Podcast: The new cyber crime threats facing freelancers, and how to protect yourself

Since the start of the coronavirus pandemic, the number of cyber crime cases has risen, with criminals targeting those who work from home.

Freelance Corner has partnered with the West Midlands Cyber Crime Unit to provide advice to freelancers and help you protect your business. You can listen to our podcast on this topic, with Patrick from the Cyber Crime Unit, below.

What is cyber crime?

There are two types of cyber crime: cyber enabled crime and cyber dependent crime. “Unfortunately, 70-80 percent of fraud now is carried out using computers and phishing emails,” Patrick told Freelance Corner. “It’s carrying out fraud online, which would quite easily fit into the cyber enabled crime side of things. Cyber dependent is having a computer, using a computer network, and attacking someone else’s computer and computer network.

“It’s certainly not just about stealing peoples’ passwords, although that’s actually has been, and will always be, a big part of this unfortunately. It allows gateways into the massive number of cyber crimes.”

What do hackers do with stolen information?

One of the main motivations for hackers is financial, being able to steal money from unsuspecting victims. However, hackers also steal data and identification details. Patrick said: “Often [the victim’s] identity is used as well, so that people can commit other crimes under a false details, and/or potentially escape and evade capture under false identities.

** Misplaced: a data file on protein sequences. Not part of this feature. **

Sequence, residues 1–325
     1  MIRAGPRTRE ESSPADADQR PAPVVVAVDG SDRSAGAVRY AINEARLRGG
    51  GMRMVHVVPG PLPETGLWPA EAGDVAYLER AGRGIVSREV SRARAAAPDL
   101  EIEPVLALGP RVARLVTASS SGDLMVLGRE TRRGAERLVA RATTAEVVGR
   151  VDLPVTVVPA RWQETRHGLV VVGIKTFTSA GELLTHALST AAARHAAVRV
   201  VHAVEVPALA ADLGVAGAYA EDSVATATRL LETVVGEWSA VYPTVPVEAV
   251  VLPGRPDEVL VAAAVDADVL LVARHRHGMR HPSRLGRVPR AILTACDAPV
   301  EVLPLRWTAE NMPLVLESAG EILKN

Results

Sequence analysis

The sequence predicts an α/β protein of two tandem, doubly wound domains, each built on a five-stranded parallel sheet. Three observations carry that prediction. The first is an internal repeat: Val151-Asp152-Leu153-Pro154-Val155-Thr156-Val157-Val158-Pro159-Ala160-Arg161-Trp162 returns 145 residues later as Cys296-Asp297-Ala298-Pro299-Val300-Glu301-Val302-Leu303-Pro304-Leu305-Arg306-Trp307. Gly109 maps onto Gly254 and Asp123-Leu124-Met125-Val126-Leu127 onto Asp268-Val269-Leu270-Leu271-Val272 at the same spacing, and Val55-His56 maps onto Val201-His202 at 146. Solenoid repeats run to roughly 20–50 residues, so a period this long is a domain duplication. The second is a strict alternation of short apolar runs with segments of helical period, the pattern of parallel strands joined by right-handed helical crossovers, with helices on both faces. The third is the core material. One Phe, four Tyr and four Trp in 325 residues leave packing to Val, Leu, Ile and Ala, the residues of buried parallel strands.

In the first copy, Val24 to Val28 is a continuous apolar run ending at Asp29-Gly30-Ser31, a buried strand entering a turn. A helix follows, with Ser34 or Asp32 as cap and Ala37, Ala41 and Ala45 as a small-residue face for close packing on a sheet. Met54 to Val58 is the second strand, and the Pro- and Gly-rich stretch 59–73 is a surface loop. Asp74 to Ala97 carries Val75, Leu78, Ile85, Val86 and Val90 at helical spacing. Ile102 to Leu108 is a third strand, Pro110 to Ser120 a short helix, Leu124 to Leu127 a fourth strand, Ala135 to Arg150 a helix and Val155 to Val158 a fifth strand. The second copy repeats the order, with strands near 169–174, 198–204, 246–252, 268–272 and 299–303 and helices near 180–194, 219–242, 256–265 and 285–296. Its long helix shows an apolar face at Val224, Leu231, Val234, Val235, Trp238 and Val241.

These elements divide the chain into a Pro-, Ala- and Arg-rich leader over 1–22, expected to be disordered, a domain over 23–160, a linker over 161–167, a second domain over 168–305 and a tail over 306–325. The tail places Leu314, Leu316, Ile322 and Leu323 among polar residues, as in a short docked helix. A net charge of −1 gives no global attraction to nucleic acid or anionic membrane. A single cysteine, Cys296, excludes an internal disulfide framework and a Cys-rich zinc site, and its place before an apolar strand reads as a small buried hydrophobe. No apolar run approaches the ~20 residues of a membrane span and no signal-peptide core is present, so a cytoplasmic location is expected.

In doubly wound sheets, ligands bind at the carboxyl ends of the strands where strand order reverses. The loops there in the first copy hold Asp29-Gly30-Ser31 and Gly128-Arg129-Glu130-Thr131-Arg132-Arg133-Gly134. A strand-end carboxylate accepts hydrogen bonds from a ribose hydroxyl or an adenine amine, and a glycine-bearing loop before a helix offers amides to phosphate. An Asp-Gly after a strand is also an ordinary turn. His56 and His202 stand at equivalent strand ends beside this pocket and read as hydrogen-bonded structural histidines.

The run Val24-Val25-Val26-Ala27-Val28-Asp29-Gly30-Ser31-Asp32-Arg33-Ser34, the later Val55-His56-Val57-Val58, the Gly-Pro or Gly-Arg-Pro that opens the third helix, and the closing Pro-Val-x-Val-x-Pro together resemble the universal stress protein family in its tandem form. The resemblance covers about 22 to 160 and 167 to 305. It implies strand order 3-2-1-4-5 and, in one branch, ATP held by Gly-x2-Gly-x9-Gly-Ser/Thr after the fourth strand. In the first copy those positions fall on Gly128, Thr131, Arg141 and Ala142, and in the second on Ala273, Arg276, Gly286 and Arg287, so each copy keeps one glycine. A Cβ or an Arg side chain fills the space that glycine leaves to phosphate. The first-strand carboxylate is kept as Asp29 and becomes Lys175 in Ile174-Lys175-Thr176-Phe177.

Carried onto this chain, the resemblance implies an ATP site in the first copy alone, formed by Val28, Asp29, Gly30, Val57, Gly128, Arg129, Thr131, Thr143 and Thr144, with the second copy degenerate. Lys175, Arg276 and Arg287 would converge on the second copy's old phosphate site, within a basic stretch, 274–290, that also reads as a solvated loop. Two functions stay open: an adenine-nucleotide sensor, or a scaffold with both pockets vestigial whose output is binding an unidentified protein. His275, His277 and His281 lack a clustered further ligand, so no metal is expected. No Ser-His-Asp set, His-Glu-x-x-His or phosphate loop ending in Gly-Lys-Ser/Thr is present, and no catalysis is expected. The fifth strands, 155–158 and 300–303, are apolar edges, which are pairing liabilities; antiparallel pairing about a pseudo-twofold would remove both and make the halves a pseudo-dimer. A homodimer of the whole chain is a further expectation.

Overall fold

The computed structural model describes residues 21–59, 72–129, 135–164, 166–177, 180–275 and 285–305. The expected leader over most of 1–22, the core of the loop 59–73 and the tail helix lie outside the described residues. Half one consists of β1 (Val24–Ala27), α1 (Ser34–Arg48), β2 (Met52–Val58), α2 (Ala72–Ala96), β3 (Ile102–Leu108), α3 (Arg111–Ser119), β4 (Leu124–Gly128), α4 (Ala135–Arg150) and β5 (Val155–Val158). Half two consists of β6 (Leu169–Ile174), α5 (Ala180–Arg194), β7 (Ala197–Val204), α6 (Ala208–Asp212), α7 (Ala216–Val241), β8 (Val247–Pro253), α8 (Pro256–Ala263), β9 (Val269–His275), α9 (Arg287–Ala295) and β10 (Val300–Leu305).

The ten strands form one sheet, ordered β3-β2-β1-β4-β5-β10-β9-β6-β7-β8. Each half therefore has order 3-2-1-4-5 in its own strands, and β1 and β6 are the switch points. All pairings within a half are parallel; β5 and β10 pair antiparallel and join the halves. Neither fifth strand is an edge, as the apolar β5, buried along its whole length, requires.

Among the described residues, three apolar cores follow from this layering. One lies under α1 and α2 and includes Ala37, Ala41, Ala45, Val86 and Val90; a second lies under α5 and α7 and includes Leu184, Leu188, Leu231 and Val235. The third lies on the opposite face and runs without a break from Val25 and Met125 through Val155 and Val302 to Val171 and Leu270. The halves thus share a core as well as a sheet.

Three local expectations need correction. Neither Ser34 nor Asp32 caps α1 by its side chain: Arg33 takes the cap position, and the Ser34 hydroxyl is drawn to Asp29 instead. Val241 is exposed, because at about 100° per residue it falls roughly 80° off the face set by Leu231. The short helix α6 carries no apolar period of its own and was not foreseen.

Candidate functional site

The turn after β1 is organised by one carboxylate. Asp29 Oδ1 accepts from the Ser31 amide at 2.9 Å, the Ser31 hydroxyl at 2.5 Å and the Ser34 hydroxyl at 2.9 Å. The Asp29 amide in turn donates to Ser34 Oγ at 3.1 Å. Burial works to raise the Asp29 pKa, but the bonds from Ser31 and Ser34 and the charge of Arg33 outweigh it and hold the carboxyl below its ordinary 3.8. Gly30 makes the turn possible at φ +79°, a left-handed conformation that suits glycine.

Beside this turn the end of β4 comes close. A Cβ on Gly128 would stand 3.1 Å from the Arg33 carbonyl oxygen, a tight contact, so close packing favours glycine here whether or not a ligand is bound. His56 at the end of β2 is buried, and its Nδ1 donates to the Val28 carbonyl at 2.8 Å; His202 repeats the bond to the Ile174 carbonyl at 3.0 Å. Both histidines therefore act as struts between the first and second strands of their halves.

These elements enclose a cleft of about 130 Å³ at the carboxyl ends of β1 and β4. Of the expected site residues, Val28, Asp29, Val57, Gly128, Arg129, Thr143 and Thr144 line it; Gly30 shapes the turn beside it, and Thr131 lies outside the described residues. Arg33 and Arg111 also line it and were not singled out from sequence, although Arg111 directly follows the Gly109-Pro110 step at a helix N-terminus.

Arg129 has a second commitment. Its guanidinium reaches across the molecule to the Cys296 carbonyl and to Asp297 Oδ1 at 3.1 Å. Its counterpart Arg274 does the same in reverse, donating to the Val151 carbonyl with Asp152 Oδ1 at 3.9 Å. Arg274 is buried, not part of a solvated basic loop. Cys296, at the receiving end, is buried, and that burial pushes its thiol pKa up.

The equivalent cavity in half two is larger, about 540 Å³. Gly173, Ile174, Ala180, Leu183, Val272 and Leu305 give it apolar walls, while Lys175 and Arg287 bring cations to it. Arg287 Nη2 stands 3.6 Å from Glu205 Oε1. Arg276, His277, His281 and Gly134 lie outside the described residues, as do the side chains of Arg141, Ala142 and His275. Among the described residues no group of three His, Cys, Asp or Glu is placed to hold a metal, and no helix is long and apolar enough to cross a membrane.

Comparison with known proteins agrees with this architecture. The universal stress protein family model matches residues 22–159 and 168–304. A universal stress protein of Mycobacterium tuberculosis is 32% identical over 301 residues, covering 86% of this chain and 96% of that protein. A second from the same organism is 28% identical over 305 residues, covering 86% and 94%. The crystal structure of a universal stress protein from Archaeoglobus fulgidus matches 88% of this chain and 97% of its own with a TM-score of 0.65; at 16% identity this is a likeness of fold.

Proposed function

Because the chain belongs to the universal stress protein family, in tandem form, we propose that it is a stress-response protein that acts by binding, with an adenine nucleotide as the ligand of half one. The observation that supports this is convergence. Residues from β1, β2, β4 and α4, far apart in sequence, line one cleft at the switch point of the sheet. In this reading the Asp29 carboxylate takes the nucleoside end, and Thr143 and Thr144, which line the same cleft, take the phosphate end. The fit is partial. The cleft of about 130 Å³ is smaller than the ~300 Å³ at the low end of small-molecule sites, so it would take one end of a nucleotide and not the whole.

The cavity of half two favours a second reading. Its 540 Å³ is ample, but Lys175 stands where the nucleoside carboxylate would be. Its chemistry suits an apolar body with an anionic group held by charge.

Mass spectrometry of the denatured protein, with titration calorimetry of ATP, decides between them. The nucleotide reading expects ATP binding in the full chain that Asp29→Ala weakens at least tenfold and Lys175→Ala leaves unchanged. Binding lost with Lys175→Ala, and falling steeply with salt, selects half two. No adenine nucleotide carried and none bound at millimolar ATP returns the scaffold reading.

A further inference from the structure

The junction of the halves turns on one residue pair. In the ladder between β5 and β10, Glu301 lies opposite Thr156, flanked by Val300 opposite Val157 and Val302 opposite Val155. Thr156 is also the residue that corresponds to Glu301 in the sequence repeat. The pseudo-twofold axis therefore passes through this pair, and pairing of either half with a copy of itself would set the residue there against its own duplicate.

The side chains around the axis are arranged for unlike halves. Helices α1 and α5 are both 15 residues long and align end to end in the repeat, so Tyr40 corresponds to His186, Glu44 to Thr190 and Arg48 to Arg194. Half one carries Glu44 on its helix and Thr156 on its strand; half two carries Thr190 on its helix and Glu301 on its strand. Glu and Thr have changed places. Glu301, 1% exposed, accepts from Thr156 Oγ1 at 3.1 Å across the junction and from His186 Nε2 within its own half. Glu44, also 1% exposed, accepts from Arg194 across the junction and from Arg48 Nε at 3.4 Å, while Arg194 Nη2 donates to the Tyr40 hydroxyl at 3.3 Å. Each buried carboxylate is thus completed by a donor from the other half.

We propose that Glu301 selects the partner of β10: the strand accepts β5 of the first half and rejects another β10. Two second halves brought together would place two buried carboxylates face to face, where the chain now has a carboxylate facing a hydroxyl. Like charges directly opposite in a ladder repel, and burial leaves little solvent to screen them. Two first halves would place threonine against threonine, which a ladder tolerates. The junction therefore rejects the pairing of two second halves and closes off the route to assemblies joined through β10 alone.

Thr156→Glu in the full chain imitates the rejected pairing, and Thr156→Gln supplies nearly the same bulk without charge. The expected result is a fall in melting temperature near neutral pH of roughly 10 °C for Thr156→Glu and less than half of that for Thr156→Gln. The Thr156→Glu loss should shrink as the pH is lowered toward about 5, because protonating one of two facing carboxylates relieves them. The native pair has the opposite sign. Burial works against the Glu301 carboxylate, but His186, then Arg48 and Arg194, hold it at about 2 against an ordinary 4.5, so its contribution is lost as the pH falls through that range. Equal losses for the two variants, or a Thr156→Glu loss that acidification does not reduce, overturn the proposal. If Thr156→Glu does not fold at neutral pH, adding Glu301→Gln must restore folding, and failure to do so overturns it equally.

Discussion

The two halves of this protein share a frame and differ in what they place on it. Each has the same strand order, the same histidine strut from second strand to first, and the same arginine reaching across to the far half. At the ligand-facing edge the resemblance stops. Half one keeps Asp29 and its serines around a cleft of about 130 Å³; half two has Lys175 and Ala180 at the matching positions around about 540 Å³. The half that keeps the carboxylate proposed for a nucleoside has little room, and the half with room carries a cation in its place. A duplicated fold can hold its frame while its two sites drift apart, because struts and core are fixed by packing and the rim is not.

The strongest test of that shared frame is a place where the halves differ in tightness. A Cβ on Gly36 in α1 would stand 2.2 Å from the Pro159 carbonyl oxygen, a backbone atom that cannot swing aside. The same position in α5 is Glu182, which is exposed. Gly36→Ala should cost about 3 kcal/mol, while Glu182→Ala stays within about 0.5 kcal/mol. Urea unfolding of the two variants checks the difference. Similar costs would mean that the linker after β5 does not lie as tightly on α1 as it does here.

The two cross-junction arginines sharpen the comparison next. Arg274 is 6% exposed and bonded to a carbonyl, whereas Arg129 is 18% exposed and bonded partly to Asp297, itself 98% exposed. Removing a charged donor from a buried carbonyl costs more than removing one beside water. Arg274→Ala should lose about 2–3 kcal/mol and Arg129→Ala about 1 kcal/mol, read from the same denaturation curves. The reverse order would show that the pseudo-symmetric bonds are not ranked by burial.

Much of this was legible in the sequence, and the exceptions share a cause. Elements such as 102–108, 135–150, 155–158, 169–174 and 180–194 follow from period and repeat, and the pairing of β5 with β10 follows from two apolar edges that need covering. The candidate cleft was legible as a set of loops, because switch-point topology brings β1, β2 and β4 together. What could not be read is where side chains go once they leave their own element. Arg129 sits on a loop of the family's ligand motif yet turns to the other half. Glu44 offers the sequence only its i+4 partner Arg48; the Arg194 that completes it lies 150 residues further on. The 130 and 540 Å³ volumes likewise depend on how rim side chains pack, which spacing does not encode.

Some people use hackers to get ahead of their competition too. Patrick explained that there are services available on the dark web that allow someone to pay a hacker to crash the systems of a competitor. For freelancers, this can be particularly worrying, as the financial implications of this could be huge.

An illustration of a hacker with a fishing rod, jumping out of one computer and 'phishing' an email out of another computer.

What can freelancers do to protect their business from cyber crime?

1. Improve your digital hygiene

“If you Google the top 10 passwords, I think you’ll be surprised because this year, the World Wide Web is 31 years old, and people are still using ‘password123’ and ‘123456’ and 10 ‘98764’”, Patrick tells us.

“Digital hygiene is having really good strong passwords. The advice from the National Cyber Security Centre is to use three random words”, Patrick advises. However, use this with caution, and avoid using the names of your children or pets.

You must also avoid using the same password for every account. “What some people do, which is a bit of a spin on that, is they have the same password for each account but then for each account, they have the first and last letter from the website. So Facebook could be the same password as Twitter, but instead of having a different password, they have the same password, and they put F and B at the end. So these are common unfortunate shortcuts that people make with passwords.”

2. Make your Wi-Fi cyber safe